You were working with the sexually transmitted disease unit in the early days of the AIDS outbreak. Did you feel that there was a stigma to that work back then?
I can tell you it was unusual for a woman to be working in the area of sexually transmitted diseases. People would say to me, why would you do that? Why would you be in such a specialty? Do you have this interest in looking at people's genitals? Well, is that what you would say to OB/GYNs? To urologists? Why would you think they were perverted?
What did your mother think of your line of work?
My mother was very proud of me at the CDC. She didn't know I was working in sexually transmitted diseases.
I was asked to be interviewed by 60 Minutes, and I refused to go on there because I thought it would be another crazy interview where people would accuse me of doing something unusual or something that perhaps was a little off-base for a physician. They called the White House and asked, "Why is Mary Guinan not going on our program? [Is she] covering up the herpes epidemic?" — which is what I was working on at the time.
The head of CDC called me and said, "Mary, you know, I understand that you have refused to go on 60 Minutes, but I think you should think that over again," so I said I would go on.
I told my mother I was going to be on 60 Minutes, and she told everyone at her church, our relatives in Ireland. I started worrying and sweating about not what 60 Minutes might do to me but what my mother would think!
The opening question was, "Dr. Guinan, what venereal disease would you least like to have?" It went downhill from there. I talked about syphilis and gonorrhea and oral-genital sex and a number of other things. After the show, I got a phone call from my mother and she said, "Congratulations, dear, your hair looked very nice."
Well, that's wonderful!
She said, "[You] go girl," as far as I was concerned. So if my 70-year-old mother could deal with me as an STD expert, I didn't care what anyone else really thought after that.
Were you ever afraid?
I received an AIDS needle stick at one point in my life and thought I had AIDS. But fortunately, I did not.
Weren't you terrified? This was at a time when doctors weren't sure about how AIDS was spread. Two years later, you found a lesion in your arm where you were stuck by the needle. You had just given birth. When your assistant heard you had HIV, she quit on the spot. How did you deal with all of that?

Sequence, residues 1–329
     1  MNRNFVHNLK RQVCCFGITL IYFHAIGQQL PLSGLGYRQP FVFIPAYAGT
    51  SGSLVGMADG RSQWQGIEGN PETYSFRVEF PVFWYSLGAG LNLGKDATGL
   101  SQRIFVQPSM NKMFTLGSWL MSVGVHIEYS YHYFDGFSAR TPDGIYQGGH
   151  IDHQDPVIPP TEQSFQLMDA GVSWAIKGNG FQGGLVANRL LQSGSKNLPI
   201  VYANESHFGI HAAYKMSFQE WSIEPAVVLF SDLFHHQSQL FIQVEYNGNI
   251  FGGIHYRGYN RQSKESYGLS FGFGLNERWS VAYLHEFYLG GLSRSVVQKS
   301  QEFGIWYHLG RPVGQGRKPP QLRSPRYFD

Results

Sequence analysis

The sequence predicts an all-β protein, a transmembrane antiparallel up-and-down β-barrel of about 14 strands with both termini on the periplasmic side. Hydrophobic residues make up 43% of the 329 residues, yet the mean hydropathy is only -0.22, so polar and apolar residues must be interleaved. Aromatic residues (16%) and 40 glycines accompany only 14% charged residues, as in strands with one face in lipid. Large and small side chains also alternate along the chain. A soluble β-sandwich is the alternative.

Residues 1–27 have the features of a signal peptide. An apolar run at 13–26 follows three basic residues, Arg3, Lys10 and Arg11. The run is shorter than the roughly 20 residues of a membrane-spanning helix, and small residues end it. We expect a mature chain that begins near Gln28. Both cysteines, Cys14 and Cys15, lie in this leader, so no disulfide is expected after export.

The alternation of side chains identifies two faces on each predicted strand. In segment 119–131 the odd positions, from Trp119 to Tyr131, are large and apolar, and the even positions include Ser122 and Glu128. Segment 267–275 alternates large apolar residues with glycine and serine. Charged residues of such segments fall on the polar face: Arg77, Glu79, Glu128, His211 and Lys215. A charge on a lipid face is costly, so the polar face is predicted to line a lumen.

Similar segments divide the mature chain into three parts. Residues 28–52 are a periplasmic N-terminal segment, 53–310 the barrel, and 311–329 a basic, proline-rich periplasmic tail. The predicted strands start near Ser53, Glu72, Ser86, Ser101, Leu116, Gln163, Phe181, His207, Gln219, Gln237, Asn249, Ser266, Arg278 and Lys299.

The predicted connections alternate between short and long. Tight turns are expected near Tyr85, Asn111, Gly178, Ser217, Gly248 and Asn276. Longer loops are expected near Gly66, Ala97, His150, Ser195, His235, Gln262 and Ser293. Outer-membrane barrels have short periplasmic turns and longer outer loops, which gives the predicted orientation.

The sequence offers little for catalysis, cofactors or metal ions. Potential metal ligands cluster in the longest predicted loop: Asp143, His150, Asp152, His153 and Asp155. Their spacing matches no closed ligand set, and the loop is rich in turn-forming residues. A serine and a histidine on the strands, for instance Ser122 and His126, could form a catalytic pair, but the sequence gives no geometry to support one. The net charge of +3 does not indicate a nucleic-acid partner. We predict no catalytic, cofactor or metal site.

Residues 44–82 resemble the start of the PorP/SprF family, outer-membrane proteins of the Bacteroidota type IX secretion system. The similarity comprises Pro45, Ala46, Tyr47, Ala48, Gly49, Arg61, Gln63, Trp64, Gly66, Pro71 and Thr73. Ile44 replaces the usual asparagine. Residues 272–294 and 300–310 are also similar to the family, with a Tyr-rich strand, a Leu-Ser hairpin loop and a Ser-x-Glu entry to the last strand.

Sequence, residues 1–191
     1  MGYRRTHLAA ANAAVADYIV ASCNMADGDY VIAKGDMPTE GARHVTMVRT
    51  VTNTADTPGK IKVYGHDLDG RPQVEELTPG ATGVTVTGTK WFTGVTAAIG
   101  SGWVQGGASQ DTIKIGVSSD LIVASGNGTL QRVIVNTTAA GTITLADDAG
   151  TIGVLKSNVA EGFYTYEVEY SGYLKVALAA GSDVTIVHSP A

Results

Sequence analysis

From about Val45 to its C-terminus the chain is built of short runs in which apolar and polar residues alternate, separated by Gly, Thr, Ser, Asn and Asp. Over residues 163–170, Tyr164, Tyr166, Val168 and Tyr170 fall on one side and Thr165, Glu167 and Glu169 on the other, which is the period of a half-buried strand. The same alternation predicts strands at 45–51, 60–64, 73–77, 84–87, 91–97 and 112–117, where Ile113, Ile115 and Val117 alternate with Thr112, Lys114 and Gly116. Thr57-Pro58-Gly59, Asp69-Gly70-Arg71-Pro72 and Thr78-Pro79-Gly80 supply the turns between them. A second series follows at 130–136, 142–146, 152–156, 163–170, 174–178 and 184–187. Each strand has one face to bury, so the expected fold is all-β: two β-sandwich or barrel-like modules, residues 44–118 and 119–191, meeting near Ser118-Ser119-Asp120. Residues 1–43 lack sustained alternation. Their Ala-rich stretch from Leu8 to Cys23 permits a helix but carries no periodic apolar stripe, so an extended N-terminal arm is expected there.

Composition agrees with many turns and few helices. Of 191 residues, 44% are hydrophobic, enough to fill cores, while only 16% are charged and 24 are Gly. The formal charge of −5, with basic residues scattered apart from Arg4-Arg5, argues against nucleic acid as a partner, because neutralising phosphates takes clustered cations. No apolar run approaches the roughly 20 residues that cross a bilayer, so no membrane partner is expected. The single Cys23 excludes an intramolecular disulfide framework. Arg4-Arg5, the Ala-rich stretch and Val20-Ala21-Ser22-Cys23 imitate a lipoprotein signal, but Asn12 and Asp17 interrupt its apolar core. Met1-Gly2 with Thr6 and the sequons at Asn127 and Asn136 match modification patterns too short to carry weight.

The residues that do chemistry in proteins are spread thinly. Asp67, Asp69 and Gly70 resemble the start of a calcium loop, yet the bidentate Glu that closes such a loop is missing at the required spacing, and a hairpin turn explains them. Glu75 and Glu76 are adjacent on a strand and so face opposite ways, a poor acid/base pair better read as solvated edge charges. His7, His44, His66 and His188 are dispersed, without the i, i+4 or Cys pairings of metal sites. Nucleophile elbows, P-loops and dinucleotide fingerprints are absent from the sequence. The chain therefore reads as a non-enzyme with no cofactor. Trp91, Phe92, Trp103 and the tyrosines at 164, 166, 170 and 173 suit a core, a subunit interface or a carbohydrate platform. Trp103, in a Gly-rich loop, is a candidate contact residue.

It was a very difficult time. In the early days, when I spoke to anyone about AIDS, people might take two steps backward.
At the CDC, the STD division was unusual in that we had clinical practice, so I saw patients on a regular basis. I saw what everyone was going through. I said to myself, "If that's what happened, that's what happened." But my greatest fear was that my child might be infected, and fortunately, he wasn't.
One of the interesting things about the book is your low opinion of the news media, at least in the early days of the AIDS epidemic. You talk about the price of misinformation.
For example, CNN called to ask your opinion on the controversy of women workers at an insurance company in Chicago. They were picketing the company because they had to use a bathroom with only one toilet, and the women believed that one of their co-workers had AIDS. They were convinced that they were at risk of contracting AIDS from using the bathroom.
CNN persisted and the CDC wanted you to talk to them even though you didn't want to. Do you remember what you said when the reporter asked if you were sure you couldn't catch AIDS from a toilet seat?
Yes, I do: "The only way that I know you can get AIDS is if you sit on it before someone else gets up."
You said you never saw the news clip, but you've often seen that quote in a slide in medical meetings. Someone said that line would be your epitaph. But if you could pick, what would you want your epitaph to be?